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    RE: How I reinforced the Tamiya DF02 (Rising Storm) Chassis


    ORIGINAL: djnelsen


    ORIGINAL: crunchNmunch


    ORIGINAL: djnelsen
    As I said before, the stock forks do very little to support the hingepin mounts since they're unsupported at their open ends... and if you look at how the chassis's broke, that's exactly what happened... the hingpin mounts tore out towards the open ends of the forks.

    And yes, I agree that this mod may cause breaks to happen elsewhere, but I'd rather have something else break rather than the chassis.
    Hmmm, that's odd. But that being the case I'd have tried making some kind of hingpin support to attach at the front of the gearcase.
    As my concern now is that you've changed the stress point further back in the chassis and might cause the whole gearcase to sheer off with a lesser impact.
    But who knows, and that's the fun of being a true hobbyist and trying to design a fix/better mousetrap.

    Good luck.
    Well, if the chassis breaks, it breaks... it was definitely going to break again in the same way, so if it breaks somewhere else, same result... a broken chassis is a broken chass: scrap plastic. Regardless of where it breaks.

    Here's how I figure it: the more points you can make share the load, the less force each point sees. Having the hingepins supported by the chassis adds two extra points.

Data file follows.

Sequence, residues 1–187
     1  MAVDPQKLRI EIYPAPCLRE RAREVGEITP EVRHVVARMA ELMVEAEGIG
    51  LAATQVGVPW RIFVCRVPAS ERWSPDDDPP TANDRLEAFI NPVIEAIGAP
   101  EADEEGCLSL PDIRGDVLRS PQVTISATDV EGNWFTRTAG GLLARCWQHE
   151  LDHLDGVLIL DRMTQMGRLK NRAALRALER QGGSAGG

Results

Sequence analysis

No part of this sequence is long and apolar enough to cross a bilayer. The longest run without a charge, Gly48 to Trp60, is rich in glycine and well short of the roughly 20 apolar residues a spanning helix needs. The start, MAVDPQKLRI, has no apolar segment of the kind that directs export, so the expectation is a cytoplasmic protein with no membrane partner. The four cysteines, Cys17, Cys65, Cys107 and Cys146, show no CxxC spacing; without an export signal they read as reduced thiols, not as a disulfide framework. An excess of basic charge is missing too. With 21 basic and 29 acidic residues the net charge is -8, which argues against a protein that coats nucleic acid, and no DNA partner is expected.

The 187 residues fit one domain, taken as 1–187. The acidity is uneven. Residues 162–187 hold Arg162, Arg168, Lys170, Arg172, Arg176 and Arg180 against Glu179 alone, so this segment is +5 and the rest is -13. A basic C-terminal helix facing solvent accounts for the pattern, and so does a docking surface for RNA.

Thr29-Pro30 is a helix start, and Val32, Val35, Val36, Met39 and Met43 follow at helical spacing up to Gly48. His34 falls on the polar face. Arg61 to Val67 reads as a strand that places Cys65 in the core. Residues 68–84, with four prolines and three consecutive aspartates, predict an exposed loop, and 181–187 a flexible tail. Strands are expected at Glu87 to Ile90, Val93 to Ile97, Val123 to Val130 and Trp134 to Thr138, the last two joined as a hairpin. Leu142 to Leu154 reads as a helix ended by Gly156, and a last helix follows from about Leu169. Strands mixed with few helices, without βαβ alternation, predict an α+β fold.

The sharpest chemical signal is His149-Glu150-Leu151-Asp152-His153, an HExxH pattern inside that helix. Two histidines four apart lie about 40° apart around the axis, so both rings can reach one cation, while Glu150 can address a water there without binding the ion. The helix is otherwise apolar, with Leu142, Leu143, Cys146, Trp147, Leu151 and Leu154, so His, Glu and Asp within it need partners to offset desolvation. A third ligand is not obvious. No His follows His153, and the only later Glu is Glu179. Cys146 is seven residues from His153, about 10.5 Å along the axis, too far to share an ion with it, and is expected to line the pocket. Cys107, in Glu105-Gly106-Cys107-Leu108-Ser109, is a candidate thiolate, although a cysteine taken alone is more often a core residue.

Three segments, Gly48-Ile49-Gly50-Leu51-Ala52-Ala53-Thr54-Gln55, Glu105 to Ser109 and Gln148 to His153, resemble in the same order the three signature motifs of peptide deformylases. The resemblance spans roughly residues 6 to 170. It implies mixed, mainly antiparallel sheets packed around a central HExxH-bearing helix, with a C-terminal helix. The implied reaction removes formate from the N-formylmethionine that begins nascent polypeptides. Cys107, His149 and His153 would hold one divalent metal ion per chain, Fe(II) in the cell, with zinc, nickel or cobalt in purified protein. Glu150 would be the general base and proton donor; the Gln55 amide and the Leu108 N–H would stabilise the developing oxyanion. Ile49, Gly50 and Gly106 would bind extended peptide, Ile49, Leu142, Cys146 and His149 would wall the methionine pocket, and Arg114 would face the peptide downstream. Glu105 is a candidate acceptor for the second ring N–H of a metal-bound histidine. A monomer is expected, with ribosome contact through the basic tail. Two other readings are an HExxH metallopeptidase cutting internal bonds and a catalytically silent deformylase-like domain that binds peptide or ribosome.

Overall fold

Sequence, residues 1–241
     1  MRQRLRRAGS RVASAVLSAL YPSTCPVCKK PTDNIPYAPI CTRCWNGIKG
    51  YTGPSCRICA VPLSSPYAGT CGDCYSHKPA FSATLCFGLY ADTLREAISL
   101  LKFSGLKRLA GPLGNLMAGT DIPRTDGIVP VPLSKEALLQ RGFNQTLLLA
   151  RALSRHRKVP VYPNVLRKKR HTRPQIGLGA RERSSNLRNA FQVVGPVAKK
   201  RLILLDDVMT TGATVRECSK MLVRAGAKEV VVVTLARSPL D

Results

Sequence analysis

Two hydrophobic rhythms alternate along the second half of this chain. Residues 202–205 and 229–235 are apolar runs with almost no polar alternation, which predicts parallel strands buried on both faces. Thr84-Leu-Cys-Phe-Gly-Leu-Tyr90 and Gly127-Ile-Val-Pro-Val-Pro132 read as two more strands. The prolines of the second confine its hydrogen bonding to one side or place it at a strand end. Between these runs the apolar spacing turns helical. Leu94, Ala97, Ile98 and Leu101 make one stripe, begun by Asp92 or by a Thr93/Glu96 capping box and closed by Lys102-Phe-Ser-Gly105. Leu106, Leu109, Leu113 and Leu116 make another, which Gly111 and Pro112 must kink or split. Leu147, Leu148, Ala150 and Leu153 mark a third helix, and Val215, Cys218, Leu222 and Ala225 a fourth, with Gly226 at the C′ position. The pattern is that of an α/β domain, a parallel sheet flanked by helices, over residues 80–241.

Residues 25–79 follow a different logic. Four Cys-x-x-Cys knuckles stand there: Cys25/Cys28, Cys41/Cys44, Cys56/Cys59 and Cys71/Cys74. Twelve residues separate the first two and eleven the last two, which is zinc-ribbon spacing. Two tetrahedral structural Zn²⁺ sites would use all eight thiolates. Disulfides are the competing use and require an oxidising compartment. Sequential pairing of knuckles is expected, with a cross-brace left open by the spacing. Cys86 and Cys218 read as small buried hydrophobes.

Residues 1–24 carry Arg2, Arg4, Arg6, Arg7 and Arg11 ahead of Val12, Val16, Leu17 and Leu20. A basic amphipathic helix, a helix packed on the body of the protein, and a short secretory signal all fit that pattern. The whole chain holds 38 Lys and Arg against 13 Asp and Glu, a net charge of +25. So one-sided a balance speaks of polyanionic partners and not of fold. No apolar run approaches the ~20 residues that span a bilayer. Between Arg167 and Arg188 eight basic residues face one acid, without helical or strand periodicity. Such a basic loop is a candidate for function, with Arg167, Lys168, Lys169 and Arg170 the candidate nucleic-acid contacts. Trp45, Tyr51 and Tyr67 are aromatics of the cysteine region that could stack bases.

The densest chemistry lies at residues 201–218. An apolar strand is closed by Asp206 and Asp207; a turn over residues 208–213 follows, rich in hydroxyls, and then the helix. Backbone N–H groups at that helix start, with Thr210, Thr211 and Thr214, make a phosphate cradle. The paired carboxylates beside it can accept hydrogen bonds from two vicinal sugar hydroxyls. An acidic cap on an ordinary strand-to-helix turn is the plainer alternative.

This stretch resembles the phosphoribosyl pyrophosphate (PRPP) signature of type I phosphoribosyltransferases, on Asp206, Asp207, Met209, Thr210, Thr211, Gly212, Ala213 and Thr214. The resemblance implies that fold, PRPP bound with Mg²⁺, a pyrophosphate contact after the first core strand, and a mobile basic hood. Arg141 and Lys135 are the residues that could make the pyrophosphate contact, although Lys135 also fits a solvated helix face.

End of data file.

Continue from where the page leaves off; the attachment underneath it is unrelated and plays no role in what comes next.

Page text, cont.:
Having the forks pass into the spur case doesn't mean that the spur case is taking all the load. The hingepin supports are still taking some load, as are the closed ends of the fork.

    I gotta shiny nickel that says something else breaks before the chassis does. And that's just fine with me. Replacing the chassis is a massive rebuild. Replacing shock towers or suspension arms isn't.


    I hear where you're trying to go with your modification, it's just that part of the reason they didn't make those hingepin supports more solid (without the ribbing) is that for whatever reason other things tended to break and they designed them as such as a sort of a "sheer point", kind of like a crumple zone in an automobile. They could have made them more solid, but apparently there's a reason they didn't. It could be something simple like that by them being so solid that every little bump and jump led to a broken suspension arm, or turnbuckle, or steering knuckle, and by building some give into that area is increased the overall deflection/flex of the front end and led to less breakage.

    I don't know, mere speculation on my part, but that's generally been my experience with the designs of these cars from back in my day racing for AEand Losi and working on car design.

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    RE: How I reinforced the Tamiya DF02 (Rising Storm) Chassis


    ORIGINAL: SyCo_VeNoM

    My vote would be front shock tower
    Already upgraded. Next?


  24. #24
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    RE: How I reinforced the Tamiya DF02 (Rising Storm) Chassis


    ORIGINAL: crunchNmunch